Up until the late 1990s, Foreign Service careers were denied to openly gay men under the pretense of security concerns. Jan Krc was one of the men who faced–and overcame–this form of prejudice. After being interrogated about his sexual orientation, Krc was fired from his job at the U.S. Information Agency. Instead of lying down and accepting his fate, Krc became embroiled in a decade-long legal battle. Krc–who came to the United States as a child and a Czechoslavkaian refugee–had a passionate desire to serve his country and work for the Foreign Service. Despite the many obstacles he faced, he never stopped pursuing this goal. Accepting another position at the State Department, but not in the Foreign Service, Krc ultimately exhausted his legal appeals after ten years of struggle. Seizing on a technicality, he was able to reapply to the Foreign Service and went on to serve for over two decades in Russia, Turkey, and Central Europe as a public diplomacy officer. In his oral history, Krc reflects on the ups and downs of this legal drama from his unique and engaging perspective. He is ultimately optimistic about the progress that America has made and its role in promoting LGBT+ rights across the globe.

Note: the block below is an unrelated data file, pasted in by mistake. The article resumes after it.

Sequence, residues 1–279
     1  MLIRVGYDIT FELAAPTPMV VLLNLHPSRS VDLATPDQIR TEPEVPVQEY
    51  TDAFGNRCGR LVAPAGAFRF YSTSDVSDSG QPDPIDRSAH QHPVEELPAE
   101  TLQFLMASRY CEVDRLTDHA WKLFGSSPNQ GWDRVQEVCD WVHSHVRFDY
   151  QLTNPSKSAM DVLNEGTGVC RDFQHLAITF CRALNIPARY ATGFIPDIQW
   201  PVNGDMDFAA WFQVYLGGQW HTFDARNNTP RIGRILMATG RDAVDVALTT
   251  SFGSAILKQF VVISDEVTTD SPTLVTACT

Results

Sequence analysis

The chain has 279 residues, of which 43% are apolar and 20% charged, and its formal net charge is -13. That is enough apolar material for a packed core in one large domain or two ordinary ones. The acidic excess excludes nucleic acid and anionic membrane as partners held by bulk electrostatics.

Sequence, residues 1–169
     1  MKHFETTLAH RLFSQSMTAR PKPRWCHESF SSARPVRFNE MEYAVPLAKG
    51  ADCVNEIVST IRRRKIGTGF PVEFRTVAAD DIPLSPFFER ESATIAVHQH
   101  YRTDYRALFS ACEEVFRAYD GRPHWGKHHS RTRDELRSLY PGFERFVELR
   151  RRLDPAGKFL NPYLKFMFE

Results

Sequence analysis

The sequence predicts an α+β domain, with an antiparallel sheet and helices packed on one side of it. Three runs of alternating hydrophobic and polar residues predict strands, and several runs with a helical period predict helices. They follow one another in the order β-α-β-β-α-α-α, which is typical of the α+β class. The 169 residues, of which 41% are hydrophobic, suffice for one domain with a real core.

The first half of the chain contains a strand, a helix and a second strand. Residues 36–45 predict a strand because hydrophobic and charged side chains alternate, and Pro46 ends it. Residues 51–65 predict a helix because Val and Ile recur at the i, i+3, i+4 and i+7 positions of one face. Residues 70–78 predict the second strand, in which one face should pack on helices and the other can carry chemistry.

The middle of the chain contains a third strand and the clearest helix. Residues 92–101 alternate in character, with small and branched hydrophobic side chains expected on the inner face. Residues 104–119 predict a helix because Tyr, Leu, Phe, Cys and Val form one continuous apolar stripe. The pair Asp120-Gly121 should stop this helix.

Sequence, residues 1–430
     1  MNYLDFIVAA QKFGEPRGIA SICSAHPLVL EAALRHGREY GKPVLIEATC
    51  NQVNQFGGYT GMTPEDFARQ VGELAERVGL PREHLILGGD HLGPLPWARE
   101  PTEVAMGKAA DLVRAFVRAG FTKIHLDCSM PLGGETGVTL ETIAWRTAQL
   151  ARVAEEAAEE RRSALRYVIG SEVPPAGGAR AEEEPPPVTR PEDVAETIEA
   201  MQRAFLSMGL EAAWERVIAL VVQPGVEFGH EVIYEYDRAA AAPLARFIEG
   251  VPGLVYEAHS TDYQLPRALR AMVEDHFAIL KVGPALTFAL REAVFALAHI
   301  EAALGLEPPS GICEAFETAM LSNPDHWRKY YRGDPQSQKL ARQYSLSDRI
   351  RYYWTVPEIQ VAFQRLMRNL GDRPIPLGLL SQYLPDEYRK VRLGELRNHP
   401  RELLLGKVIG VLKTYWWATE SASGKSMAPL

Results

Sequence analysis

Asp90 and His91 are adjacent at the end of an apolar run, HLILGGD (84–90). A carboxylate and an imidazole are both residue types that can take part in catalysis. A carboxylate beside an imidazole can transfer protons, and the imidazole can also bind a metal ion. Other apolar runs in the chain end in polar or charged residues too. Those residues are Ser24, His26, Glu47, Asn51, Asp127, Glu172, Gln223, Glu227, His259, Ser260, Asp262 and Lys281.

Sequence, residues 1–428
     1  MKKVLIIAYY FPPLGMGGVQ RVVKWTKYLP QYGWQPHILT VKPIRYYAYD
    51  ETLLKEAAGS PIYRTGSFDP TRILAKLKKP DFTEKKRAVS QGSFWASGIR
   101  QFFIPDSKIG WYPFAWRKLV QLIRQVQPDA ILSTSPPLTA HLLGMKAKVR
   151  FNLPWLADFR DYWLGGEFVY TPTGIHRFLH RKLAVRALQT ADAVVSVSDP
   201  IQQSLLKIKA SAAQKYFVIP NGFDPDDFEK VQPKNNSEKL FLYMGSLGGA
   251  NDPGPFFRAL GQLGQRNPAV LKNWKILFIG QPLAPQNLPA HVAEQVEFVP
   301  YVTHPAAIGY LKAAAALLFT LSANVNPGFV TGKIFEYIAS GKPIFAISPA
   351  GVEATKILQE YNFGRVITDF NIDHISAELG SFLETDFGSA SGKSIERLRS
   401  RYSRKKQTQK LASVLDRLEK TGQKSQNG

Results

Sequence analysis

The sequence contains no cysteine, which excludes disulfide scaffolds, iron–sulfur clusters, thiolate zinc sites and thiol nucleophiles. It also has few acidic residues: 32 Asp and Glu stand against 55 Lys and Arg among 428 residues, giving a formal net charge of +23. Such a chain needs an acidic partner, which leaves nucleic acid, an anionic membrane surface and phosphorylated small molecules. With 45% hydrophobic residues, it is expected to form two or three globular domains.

Jan Krc graduated from Tufts University Fletcher School of Law and Diplomacy in 1981. He then went on to work in a wide range of locations, including Belgrade, Istanbul, Frankfurt, St. Petersburg, and Vienna. Krc finally retired in 2018, after over 30 years of working in–or fighting to work in–the Foreign Service.